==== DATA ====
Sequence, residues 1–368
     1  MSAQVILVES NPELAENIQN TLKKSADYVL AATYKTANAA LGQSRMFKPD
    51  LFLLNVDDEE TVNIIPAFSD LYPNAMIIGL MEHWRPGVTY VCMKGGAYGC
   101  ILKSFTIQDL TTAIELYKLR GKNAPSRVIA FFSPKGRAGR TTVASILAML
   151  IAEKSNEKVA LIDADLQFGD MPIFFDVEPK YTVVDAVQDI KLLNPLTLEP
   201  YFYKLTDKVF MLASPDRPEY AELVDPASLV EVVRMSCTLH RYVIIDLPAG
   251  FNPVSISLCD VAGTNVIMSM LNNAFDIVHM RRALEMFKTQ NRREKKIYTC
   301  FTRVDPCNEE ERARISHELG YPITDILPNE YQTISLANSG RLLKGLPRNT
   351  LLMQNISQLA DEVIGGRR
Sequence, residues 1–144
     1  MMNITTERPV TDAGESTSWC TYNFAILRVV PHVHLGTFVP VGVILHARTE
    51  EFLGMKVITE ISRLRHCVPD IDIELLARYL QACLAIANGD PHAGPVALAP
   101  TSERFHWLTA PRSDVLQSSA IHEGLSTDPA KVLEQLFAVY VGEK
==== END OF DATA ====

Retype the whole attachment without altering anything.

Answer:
Sequence, residues 1–368
     1  MSAQVILVES NPELAENIQN TLKKSADYVL AATYKTANAA LGQSRMFKPD
    51  LFLLNVDDEE TVNIIPAFSD LYPNAMIIGL MEHWRPGVTY VCMKGGAYGC
   101  ILKSFTIQDL TTAIELYKLR GKNAPSRVIA FFSPKGRAGR TTVASILAML
   151  IAEKSNEKVA LIDADLQFGD MPIFFDVEPK YTVVDAVQDI KLLNPLTLEP
   201  YFYKLTDKVF MLASPDRPEY AELVDPASLV EVVRMSCTLH RYVIIDLPAG
   251  FNPVSISLCD VAGTNVIMSM LNNAFDIVHM RRALEMFKTQ NRREKKIYTC
   301  FTRVDPCNEE ERARISHELG YPITDILPNE YQTISLANSG RLLKGLPRNT
   351  LLMQNISQLA DEVIGGRR
Sequence, residues 1–144
     1  MMNITTERPV TDAGESTSWC TYNFAILRVV PHVHLGTFVP VGVILHARTE
    51  EFLGMKVITE ISRLRHCVPD IDIELLARYL QACLAIANGD PHAGPVALAP
   101  TSERFHWLTA PRSDVLQSSA IHEGLSTDPA KVLEQLFAVY VGEK